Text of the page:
Throughout her book Heo focuses on creating an analytical framework for investigating Coptic Christianity that attempts to push back against the representation of Egypt’s Copts as an embattled minority group fighting for stability and freedom. Her ethnographic vignettes of material practice and veneration accomplish this goal quite well. Yet, Heo’s limited analysis of Coptic theology as a primary part of the cult of saints creates a one-dimensional representation of Coptic agency and belief.  Heo’s work falls flat for me when she begins to approach theology. Certainly, Heo has a command of the vocabulary of theology and its vernacular manifestations, and she also has an excellent grasp of institutional church history. At the same time, however, while she makes mention of theological ideas, Coptic spiritual traditions, and Muslim folk practices of piety, Heo often engages with semiotics as a way to read the data anthropologically. Adding in a layer of theological analysis would provide another dimension to her ethnographic narratives—one that is often missing from much of the research found in the subfield of the anthropology of Christianity.   

Heo’s failure to fully articulate the theological complexities of Coptic life in Egypt is a symptom of anthropology’s estranged relationship with theology. By and large, anthropologists of Christianity often fail to engage the theological dimensions of their interlocutors’ lived faith and practices. There is an impetus in the subfield to steer clear of studying theology, which most anthropologists believe has, in some ways, tainted the rational, scientific endeavors of the social sciences. Yet, the holy materiality and sensory cultures of Orthodox Christianity are not only representational; they are living forms of religious kinship, transnational political ideologies, and theological precepts. Materiality is embedded into the life-worlds of Orthodox Christians, manifesting theological, cosmological, and social ideas and values. If we ignore the relevance of theology in the lives of our interlocutors, we are missing valuable parts of their life stories and social histories.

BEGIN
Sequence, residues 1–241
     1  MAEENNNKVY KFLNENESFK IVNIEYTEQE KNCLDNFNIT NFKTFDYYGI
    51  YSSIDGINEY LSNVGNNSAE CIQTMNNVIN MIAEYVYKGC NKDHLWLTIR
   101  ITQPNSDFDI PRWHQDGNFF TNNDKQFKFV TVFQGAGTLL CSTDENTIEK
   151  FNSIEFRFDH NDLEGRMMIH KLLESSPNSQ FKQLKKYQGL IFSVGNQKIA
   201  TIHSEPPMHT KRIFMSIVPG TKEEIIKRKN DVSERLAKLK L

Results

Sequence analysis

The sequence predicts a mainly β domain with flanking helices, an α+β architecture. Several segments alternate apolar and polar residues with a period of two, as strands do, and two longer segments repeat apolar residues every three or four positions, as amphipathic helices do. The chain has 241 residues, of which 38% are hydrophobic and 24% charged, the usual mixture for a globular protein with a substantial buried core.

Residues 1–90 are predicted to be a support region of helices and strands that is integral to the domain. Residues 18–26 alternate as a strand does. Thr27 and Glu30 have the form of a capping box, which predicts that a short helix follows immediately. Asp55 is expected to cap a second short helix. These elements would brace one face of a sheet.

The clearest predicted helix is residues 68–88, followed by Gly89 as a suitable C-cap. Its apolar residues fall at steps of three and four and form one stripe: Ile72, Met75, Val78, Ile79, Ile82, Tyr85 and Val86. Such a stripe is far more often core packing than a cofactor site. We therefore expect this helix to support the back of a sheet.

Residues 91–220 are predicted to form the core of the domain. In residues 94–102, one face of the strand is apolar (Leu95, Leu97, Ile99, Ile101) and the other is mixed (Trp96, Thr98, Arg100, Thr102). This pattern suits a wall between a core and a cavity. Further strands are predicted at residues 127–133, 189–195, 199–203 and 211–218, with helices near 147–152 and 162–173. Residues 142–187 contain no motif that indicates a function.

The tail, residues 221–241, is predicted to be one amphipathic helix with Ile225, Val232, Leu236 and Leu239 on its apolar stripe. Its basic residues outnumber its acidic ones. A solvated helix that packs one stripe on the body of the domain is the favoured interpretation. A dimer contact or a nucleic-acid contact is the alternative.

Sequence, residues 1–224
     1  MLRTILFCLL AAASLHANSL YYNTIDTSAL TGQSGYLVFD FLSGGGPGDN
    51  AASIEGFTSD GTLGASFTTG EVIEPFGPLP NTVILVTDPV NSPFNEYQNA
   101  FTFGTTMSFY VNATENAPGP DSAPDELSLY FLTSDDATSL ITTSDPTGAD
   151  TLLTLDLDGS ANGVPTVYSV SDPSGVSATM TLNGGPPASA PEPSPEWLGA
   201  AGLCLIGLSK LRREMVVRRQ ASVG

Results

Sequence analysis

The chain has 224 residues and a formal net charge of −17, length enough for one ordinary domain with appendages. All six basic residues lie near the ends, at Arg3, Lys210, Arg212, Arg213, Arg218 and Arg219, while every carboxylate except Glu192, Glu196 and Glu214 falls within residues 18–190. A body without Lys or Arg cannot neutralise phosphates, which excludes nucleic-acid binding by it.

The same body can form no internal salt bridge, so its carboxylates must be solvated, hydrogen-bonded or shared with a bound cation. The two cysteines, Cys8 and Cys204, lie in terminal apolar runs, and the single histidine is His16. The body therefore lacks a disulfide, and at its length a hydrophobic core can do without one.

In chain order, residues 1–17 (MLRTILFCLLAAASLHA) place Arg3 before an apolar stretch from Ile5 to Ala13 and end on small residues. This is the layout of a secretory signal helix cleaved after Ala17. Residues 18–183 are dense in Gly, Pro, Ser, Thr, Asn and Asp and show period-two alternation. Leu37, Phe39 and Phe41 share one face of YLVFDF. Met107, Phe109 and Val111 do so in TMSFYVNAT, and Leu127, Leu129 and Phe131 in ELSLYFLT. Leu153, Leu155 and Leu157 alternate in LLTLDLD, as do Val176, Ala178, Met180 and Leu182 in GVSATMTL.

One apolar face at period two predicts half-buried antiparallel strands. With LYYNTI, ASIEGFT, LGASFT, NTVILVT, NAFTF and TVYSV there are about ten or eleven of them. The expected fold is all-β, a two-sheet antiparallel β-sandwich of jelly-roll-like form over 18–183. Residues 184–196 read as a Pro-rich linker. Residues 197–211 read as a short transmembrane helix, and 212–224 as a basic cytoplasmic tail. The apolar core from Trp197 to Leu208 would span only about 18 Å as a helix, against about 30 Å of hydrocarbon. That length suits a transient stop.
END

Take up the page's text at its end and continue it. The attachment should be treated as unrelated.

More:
While studying the materiality of Orthodoxy may seem like an obvious avenue for research, the addition of theology is a new way of understanding and contextualizing Orthodoxy that can be both beneficial and (to some) problematic. It is useful to remember that Orthodoxy has a living theology, which means that Orthodox Christians are ontologically oriented by the doctrinal teachings of the Church. Thus, one cannot talk about Orthodox cultural practices without talking about theology, for in many respects they are the two sides of one coin. However, at the same time, anthropologists must be mindful not to fall into a religious studies framework, which, until recently, just as conversely privileged theology above the ideas and words of everyday practitioners.

Orthodoxy must be subject to queries beyond materiality and theology, for religion is caught up in a variety of social, political, and economic issues. Theology must not be allergic to anthropology. In order to understand the ways in which Christianity relates to neocolonialism, secularism, and neoliberalism, among other important topics that affect contemporary religious communities today, religio-political practices, beliefs, and ideas must be in conversation with social scientific theories of culture and society. This is something that Heo realizes quite well. Heo’s exceptional social research skills provide us with another piece of literature that works to create a more generous, engaged, and inclusive anthropology of Christianity. Among other things, her book offers a helpful guide for thinking about the nomenclature of Christianity in anthropology, and how we might overcome the longstanding West/East, liberal/conservative dualism that pervades our conceptions of what is taxonomically Christian.

For Heo’s thoughts about her own work, I direct IOTA readers to an interview I (along with Dr. Candace Lukasik) conducted with the author for New Directions in the Anthropology of Christianity.


Dr. Sarah Riccardi-Swartz
Recovering Truth Postdoctoral Fellow
Center for the Study of Religion and Conflict
Arizona State University